First, a French company of hackers, Vupen Security, took down Chrome in the first five minutes of the competition designed to help software developers address potential breaches.
Although Chrome was the first to be taken down, the Vupen Security hackers admitted it was a directed effort. They also admitted Google's Chrome web browser was the most secure, according to US reports.
Vupen co-founder and head of research Chaouki Bekrar said it was not easy to create a full exploit to bypass all the protections in the sandbox. Bekrar added that Chrome is one of the most secure browsers available.
Vupen, which controversially sells software vulnerabilities it discovers to government spy agencies, used two previously unknown vulnerabilities to beat Chrome's security.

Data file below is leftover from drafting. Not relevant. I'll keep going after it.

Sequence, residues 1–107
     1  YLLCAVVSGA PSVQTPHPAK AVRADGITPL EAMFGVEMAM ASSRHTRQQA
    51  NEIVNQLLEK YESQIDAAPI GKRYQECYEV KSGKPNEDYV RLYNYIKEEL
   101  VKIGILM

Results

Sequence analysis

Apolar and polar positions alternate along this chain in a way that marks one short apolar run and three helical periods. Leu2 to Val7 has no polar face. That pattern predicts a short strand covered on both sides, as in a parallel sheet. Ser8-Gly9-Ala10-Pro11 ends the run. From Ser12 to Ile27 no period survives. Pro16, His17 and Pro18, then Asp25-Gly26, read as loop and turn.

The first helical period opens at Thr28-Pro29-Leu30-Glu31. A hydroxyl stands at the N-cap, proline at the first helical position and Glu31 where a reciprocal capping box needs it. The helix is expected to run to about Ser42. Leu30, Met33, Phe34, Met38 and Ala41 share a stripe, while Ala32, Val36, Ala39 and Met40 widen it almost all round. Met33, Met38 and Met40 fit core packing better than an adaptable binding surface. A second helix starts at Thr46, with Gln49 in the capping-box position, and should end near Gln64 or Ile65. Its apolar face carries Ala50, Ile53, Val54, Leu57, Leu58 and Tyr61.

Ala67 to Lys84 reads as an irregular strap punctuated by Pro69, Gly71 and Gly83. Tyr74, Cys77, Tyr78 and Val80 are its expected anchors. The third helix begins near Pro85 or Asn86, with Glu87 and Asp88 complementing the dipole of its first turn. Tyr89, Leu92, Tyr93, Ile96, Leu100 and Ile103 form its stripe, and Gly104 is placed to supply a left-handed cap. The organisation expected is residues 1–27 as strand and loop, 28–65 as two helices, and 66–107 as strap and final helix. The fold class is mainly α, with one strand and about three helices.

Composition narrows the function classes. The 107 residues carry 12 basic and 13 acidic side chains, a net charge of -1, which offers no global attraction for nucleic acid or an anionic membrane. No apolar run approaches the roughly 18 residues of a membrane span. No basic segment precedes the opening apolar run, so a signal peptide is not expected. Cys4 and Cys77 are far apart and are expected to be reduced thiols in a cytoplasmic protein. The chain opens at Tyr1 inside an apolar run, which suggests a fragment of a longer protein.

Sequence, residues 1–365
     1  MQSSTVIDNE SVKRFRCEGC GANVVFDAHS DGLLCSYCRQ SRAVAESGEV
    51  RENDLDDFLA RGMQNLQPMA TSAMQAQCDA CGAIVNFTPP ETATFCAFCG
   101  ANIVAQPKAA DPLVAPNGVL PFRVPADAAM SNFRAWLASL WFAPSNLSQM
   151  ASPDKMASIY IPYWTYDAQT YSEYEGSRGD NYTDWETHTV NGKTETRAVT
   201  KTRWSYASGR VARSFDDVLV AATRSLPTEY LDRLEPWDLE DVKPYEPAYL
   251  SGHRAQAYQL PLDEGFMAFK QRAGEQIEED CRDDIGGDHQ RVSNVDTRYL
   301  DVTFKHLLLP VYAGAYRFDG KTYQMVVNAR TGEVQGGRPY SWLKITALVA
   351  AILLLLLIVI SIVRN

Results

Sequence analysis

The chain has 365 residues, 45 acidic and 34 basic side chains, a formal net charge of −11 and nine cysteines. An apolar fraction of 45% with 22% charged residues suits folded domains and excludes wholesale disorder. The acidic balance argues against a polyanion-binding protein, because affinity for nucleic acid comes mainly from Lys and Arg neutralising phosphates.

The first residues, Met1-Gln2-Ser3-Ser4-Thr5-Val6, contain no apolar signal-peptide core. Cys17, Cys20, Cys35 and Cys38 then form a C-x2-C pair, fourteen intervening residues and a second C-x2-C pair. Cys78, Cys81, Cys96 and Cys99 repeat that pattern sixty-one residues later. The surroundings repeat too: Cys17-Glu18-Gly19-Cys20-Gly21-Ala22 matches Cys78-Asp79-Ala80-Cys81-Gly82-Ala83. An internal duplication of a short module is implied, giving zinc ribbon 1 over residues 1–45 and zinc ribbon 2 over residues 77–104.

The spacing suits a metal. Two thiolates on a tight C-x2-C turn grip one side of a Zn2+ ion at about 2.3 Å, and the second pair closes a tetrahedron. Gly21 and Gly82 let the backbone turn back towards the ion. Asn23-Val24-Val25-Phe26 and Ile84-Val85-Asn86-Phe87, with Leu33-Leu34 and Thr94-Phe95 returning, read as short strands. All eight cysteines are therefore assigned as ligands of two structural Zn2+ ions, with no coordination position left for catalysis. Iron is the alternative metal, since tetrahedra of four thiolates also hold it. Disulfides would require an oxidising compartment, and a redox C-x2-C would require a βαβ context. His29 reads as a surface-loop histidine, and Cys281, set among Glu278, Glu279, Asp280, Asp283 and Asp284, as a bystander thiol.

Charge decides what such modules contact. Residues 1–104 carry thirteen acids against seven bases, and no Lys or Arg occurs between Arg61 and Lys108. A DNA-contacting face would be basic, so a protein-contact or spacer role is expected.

Second, Chrome researcher Sergey Glazunov earned a quick $60,000 for an attack that bypassed the Chrome sandbox using only code native to Chrome in Google's alternative "Pwnium" contest.
Google withdrew sponsorship from the Pwn2Own contest this year due to a change in the rules, which allows contestants to enter Pwn2Own without having to reveal full exploits. Instead, Google created Pwnium, with up to $1m in prize money in exchange for full disclosure.
Less than 24 hours after congratulating Glasunov for his work, Google had updated Chrome’s stable channel to version 17.0.963.78 on Windows, Mac and Linux to patch the vulnerabilities used.
Vupen, however, said it will keep details of how it bypassed Google's sandbox technology private – "for our customers" – according to The Telegraph.